CriticaLink | Aristotle: Poetics | Guide to Book XV

Poets should pursue four goals in constructing their characters, according to Aristotle.

For Aristotle, the most important aspect of a character is goodness, which seems to be linked to some sense of the character's intentionality. The sharp hierarchization of ancient Greek culture is evident in Aristotle's remarks about the possibility of a woman or a slave to exhibit goodness. Even though he concedes that this is possible, the statement betrays the subaltern status of both.

The behavior of characters must be suitable for their social rank. Here again, the stratification of the society of Aristotle's time is quite clear.

Characters must be believable. Attributes assigned to characters must conform to what would be expected from the same kinds of persons in real life.

The kinds of behaviors assigned to a character must not change suddenly and inexplicably; if a character is meant to be represented as indecisive, erratic, or otherwise inconsistent, this inconsistency must be consistently portrayed.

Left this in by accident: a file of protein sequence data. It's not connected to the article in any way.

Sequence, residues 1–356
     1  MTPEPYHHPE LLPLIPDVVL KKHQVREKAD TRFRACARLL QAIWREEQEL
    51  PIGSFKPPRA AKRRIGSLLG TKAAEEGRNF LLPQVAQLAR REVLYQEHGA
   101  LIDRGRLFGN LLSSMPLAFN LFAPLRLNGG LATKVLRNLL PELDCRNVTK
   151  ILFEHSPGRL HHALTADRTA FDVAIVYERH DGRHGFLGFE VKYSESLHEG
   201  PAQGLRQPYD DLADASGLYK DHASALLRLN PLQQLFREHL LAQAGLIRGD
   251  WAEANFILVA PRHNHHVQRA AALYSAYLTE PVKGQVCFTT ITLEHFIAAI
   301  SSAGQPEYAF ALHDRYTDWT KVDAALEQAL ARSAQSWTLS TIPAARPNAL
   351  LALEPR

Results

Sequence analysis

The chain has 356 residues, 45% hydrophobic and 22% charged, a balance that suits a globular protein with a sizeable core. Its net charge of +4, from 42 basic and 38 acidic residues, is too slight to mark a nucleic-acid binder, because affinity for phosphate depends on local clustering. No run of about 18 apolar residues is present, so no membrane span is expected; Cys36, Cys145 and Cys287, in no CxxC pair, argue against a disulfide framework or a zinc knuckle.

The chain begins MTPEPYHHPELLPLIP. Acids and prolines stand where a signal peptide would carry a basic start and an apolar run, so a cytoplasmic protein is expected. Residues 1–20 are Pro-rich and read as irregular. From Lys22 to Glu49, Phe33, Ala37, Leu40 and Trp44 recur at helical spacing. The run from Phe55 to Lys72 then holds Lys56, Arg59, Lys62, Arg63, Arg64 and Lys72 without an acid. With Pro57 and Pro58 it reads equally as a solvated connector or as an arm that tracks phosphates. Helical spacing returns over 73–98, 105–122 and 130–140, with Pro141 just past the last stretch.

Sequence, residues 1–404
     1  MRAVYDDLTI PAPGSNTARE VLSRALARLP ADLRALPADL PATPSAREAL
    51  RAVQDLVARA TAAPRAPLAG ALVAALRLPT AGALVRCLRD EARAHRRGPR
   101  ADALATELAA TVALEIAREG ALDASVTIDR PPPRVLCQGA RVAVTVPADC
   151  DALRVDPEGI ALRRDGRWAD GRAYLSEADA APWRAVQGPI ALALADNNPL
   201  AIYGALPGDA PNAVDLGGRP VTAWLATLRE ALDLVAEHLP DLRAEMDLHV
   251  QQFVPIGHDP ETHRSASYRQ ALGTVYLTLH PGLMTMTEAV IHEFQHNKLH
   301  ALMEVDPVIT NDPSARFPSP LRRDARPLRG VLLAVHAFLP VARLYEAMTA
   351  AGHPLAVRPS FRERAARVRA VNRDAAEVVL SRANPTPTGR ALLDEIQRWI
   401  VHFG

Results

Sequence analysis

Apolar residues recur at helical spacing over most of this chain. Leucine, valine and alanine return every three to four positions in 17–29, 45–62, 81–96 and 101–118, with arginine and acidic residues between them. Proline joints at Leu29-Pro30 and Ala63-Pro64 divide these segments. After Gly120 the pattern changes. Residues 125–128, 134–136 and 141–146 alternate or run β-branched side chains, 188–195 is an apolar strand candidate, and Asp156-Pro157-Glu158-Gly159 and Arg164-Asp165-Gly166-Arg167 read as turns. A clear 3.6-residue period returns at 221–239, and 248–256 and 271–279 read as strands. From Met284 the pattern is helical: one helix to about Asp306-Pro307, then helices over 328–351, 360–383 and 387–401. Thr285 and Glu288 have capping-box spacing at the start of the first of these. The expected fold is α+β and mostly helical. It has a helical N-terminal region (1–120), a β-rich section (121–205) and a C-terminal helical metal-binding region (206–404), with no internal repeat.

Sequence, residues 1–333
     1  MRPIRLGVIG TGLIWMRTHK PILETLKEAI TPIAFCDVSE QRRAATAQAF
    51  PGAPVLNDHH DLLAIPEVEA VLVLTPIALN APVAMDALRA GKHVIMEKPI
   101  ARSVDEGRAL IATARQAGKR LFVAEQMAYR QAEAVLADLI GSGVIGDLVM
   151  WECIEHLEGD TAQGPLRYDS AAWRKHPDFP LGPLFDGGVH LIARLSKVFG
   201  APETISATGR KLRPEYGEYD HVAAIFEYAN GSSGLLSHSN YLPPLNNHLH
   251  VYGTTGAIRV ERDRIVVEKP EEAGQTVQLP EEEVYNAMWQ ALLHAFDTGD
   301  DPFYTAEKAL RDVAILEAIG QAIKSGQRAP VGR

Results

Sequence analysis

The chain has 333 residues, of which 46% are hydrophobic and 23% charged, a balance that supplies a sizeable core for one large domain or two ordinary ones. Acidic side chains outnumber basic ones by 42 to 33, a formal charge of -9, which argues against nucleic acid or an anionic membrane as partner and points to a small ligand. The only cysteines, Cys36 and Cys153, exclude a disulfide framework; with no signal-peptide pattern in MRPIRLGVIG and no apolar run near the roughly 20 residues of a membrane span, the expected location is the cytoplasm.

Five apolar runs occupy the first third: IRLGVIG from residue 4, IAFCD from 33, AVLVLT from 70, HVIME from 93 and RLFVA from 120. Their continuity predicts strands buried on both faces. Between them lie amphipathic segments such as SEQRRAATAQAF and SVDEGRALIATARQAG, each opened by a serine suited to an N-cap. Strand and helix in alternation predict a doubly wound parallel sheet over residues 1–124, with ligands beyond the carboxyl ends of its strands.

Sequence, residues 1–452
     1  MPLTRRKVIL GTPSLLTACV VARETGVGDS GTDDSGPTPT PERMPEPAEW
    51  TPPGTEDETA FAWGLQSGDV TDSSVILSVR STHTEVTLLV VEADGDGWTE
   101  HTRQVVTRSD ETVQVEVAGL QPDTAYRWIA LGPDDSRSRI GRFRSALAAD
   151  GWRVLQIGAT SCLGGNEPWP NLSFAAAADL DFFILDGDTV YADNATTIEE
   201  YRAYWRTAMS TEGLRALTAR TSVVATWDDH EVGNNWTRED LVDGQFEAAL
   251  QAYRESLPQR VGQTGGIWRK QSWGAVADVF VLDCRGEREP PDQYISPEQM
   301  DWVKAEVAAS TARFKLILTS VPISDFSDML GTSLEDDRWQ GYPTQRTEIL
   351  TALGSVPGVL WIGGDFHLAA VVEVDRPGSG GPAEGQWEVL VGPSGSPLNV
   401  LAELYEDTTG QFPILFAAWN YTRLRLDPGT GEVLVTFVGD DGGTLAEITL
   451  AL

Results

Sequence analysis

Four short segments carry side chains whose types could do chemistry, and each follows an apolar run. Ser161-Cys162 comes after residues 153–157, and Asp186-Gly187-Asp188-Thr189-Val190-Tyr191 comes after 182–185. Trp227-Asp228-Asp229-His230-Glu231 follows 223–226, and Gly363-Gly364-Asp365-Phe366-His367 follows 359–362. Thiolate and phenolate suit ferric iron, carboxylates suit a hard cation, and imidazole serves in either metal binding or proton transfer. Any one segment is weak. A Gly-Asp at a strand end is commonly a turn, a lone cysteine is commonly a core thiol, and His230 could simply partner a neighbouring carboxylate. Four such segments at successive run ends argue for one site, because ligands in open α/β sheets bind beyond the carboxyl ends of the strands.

Deus ex machina
Aristotle is concerned with preserving the identification of the audience with the actions depicted in the tragedy. Any of us who have read novels or seen plays or films in which something doesn't "ring true" can understand how flaws in plotting and characterization can interfere with our capacity to get caught up in the story. Both character and plot must be consistent and develop in ways that conform to the laws of probability, Aristotle argues. He restricts the famous theatrical device of the deus ex machina, the "god from the machine," from taking part in the plot itself. The gods should not intervene to resolve an impossibly complicated plot. They can, however, appear to cast judgment on the characters once the plot has come to its necessary conclusion.